Abortion ban to increase maternal mortality even more, research shows | CU Boulder today

New data shows that banning abortion would lead to more maternal deaths than previously thought, a critical finding less than a week after the Supreme Court ruled 5-4 to overturn Roe v. Wade.

According to new CU Boulder research based on newly available data from 2020, such a ban would increase maternal mortality by 24%, up 14% from previous data from 2017.

In this study, researchers focused only on how maternal mortality is affected by abortion, simply because data shows that staying pregnant carries a higher risk of death than abortion. The Centers for Disease Control reported 0.41 deaths per 100,000 legal abortions between 2013-18 and that the maternal death rate in 2020 was 23.8 deaths per 100,000 live births.

Other factors were not taken into account, such as how society will facilitate access to abortion for those living in states where it is illegal or how criminalization will affect the search for health care.

“The earlier estimates were based on abortion rates, births and maternal deaths from five years ago. Since then, abortions have increased, births have declined and maternal death rates have worsened,” said Amanda Stevenson, an assistant professor of sociology at CU Boulder and lead author of the paper.

Stevenson and co-authors Leslie Root and Jane Menken — all researchers at the Institute of Behavioral Science — estimate that in the first year after a nationwide abortion ban, maternal deaths would increase from 861 to 969 (a 13 percent increase). In subsequent years, the maternal death rate would increase from baseline by 210, a 24% increase.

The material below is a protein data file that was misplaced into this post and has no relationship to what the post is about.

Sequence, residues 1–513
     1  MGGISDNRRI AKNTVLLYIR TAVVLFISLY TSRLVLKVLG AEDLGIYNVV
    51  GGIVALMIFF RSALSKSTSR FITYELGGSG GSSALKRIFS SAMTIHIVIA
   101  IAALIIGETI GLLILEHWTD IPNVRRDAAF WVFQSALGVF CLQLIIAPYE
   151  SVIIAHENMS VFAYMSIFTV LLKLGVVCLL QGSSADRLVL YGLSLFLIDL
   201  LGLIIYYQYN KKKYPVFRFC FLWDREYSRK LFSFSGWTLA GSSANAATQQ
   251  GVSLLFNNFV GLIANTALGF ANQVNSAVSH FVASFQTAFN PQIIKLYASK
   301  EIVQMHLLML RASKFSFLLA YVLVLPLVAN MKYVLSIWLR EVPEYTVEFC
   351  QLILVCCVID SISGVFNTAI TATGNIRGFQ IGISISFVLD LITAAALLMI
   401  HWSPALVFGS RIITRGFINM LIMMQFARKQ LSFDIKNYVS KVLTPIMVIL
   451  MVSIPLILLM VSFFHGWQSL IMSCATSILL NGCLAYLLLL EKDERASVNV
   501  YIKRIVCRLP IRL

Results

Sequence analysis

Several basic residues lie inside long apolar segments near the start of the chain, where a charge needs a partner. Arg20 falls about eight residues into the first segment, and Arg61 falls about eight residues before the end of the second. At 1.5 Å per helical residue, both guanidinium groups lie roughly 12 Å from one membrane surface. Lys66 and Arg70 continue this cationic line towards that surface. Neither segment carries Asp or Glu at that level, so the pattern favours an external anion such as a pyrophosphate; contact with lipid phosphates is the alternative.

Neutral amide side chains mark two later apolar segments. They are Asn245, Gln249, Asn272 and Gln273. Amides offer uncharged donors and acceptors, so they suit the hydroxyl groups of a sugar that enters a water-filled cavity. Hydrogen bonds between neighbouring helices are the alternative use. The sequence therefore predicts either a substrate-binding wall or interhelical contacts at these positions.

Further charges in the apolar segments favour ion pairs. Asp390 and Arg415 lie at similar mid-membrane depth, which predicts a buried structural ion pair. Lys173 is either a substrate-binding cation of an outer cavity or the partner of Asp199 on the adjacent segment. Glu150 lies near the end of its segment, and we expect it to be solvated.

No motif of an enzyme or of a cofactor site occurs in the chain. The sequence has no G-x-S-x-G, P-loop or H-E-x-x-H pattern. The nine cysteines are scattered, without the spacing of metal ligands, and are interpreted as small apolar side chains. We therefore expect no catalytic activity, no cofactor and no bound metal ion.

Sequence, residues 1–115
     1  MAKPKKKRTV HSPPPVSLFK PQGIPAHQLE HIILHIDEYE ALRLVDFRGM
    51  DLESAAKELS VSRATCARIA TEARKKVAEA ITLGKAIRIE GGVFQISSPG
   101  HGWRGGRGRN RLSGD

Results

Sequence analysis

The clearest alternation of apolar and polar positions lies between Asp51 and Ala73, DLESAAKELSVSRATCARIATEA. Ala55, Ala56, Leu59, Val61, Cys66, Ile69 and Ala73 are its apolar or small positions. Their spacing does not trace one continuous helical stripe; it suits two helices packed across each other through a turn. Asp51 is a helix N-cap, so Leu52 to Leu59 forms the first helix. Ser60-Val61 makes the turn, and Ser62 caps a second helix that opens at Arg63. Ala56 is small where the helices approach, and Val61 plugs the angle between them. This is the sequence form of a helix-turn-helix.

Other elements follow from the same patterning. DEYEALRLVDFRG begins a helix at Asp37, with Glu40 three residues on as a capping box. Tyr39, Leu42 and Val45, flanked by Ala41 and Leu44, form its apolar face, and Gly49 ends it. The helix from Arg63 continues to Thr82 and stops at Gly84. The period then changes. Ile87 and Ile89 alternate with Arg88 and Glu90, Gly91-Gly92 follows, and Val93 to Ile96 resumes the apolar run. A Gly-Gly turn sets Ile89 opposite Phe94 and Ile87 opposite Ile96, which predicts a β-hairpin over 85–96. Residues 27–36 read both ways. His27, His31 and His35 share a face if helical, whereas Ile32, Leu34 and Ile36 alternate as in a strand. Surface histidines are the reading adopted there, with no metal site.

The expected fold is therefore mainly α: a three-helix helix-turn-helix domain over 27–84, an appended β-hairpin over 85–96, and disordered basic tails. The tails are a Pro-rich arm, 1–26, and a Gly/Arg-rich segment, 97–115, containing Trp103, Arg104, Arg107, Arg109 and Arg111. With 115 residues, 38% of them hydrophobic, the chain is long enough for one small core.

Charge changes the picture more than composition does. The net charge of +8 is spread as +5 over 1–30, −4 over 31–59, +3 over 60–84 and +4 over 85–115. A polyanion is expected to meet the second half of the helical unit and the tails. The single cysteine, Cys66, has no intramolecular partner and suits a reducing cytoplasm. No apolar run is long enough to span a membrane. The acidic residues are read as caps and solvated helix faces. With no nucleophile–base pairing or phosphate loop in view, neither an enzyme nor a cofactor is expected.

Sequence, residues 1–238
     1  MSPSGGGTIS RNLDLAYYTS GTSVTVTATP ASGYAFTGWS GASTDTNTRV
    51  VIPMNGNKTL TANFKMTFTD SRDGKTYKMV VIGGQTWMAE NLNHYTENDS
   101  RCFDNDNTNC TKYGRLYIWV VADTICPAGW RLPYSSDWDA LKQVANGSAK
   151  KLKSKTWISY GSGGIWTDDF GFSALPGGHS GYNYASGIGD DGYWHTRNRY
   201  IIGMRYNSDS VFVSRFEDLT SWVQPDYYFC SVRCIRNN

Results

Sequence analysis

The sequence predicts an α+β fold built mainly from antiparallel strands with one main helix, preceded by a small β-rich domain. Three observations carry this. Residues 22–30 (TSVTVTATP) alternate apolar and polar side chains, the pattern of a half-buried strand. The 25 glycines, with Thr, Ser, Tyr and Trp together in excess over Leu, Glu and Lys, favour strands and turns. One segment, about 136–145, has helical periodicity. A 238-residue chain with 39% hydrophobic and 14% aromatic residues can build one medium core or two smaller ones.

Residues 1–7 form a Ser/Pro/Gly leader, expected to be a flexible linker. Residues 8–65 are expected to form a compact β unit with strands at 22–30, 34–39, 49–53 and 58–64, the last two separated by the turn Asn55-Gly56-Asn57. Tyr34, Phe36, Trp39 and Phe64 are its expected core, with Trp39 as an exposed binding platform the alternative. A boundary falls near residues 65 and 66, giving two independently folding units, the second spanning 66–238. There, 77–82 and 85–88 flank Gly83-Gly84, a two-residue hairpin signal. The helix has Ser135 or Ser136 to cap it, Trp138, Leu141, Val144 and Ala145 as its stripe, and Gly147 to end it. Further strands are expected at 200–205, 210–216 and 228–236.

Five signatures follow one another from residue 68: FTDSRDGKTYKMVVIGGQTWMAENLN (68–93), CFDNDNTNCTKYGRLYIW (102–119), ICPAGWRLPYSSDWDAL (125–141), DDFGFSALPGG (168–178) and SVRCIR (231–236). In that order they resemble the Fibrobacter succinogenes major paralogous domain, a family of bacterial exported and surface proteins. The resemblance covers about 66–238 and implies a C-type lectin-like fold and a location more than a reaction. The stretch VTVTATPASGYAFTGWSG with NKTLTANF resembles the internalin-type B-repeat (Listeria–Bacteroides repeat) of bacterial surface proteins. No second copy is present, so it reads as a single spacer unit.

Chart comparing maternal mortality in states where abortion is or will become illegal

For black people, the numbers are even more alarming: The projected increase in maternal deaths if abortion were banned in every state rose 18% to 39%.

“There is a robust network of black-led research showing how we can better support black pregnant people who are 2-3 times more likely to die because they are pregnant than other groups,” Stevenson said.

When looking specifically at the 26 states that have already banned or are planning to ban abortion after the overthrow of Roe v. Wade, researchers found a lot of variation. In states with already high maternal mortality rates and moderate to high abortion rates, such as Florida and Georgia, researchers estimate that maternal mortality will increase by 29%.

By contrast, states like Nebraska, Missouri and West Virginia, which have already made it difficult to have an abortion, are expected to see little to no change just because of the increased risk of staying pregnant.

Researchers estimate that if abortions had not been allowed in these 26 states by 2020, there would have been 64 more death-related deaths. The new findings have not yet been peer-reviewed.

To combat this alarming trend, the researchers say helping people in states where abortion is illegal to gain legal access to reproductive care, invest in the maternal health crisis and address the shocking inequalities that cause astronomically high maternal deaths, are all ways to better support pregnant women. people in the US

“Our estimates show how we can prevent the post-Dobbs abortion ban from increasing the already tragically high number of pregnancy-related deaths in the US,” Stevenson said. “Pregnancy shouldn’t kill people — in other rich countries it even rarely does.”

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